Finding out I was pregnant was nothing like I had imagined it would be. I have wanted to be a mother since as far back as I can remember. I never once imagined a future where I didn't have children, and in my dreamiest moments I saw 5 or 6 little sets of shoes and coats hanging by the front door. (Now I’m thinking more like 2 or 3 but if I ever won the lottery…)
The way I pictured it happening varied day to day, but never did I consider that I would cry out of fear and worry and a heavy sense of doom. My daughter is the most wonderful addition to my life, and being a mother is exactly what I had always hoped it would be, but when I first saw those little blue lines I was 2 months away from finishing a part-time contract position and I had no job prospect on the horizon. I managed to get another contract position while I was pregnant (with fewer hours, lower hourly wage, and for a shorter length) but my entire career was uncertain. I spent so many of my hormone-filled pregnant nights crying because I didn't know how I would handle it all. Planning for a baby on an uncertain take home pay, and knowing I’d have no job to go back to after maternity leave, left me absolutely winded. I spent so much time, and money, and effort getting a Master’s degree but library jobs are few and far between. I was okay with spending some time taking smaller contract and part-time positions to gain experience and bolster my resume, but a baby curtailed that plan.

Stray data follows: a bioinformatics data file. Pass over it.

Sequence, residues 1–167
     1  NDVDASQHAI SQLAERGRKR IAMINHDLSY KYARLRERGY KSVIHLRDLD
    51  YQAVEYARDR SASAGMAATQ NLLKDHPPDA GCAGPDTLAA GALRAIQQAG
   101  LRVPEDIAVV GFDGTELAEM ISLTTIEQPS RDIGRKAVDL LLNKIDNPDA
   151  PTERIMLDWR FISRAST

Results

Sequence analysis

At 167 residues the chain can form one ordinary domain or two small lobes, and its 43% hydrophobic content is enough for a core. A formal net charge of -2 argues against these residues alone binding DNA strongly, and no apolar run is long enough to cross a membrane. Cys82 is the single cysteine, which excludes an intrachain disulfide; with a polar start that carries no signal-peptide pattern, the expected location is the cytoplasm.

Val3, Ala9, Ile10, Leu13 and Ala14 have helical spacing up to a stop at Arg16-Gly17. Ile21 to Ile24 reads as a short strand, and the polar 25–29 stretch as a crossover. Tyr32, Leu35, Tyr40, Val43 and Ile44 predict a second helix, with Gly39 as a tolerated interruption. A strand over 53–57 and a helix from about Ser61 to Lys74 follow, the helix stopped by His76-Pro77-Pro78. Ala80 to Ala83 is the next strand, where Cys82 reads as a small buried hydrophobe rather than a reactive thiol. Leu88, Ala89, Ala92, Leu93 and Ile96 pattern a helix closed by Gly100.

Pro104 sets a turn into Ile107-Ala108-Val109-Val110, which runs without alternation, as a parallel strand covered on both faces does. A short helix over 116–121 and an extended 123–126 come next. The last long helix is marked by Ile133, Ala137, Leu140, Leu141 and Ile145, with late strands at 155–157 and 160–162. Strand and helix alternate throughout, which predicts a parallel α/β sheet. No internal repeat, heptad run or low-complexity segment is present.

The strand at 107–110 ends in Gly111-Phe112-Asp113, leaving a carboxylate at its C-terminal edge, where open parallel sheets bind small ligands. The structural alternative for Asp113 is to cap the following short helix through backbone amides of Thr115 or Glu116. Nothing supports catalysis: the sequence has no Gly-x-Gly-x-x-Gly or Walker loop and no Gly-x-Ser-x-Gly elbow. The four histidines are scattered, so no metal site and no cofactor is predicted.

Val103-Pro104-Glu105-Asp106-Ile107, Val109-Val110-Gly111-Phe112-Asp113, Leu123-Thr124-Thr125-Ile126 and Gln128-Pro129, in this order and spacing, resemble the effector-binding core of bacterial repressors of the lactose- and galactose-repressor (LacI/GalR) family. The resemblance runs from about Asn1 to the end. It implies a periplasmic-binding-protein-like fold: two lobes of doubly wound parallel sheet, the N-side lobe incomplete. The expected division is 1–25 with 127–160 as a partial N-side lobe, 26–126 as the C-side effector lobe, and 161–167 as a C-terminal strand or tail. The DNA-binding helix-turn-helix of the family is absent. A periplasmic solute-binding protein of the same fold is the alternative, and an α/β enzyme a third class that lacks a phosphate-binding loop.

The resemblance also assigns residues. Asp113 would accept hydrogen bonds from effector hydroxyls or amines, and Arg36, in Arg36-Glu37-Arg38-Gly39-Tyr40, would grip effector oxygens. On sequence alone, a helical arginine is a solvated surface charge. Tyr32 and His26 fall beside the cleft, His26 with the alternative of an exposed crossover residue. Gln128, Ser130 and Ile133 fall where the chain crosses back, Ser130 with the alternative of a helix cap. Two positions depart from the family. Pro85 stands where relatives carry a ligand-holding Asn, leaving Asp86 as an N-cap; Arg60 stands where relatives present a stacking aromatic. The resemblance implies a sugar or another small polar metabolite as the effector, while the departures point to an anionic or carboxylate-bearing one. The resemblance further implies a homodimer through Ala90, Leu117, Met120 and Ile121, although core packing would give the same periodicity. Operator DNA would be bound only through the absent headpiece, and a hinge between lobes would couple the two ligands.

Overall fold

Luckily, I was able to forget my fears and concerns and enjoy the time spent with my baby. Being a mother is a job, but it is the best job, and I have loved every single minute I have spent with Eloise. She has decided to keep growing, however, and now at 10 months in I am forced to face the reality: how do I deal with going back when there’s nothing to go back to?
The stress of going back to work is heightened tenfold when you don’t actually have a job waiting for you:
*I cannot choose a day care when I don’t know in what area of the city (or even which city) I’ll find a job or what my schedule will look like. Yet, some day cares have wait lists.
*My maternity leave benefits will end in two months, but expenses will grow. We have no idea where the money will come from.
*My time with my baby is dwindling and I have this dark cloud hanging over every minute. Instead of taking a break or tidying the kitchen during naps, I have to scour job boards and write cover letters and work out logistics for interviews. Oh, and get my crying out so she doesn't see me upset.
*How do I explain the last year of leave in an interview? A job you return to already knows you had a baby.
*Family planning is complicated. We don’t have the luxury of choosing when we want to have another baby, because it will depend on how long I've been at a job (IF I can find a permanent position…).
These stressors are in addition to what every mother feels: the worry of how she’ll develop and grow in a new environment without me, the feeling of loss after a year of one-on-one time, the pressure of daycare costs and added sick days.
Life doesn't always happen according to your schedule, so you really have no choice but to roll with the punches. I just hope that by the time my daughter becomes more aware of her surroundings; she’ll have a confident mother she can be proud of.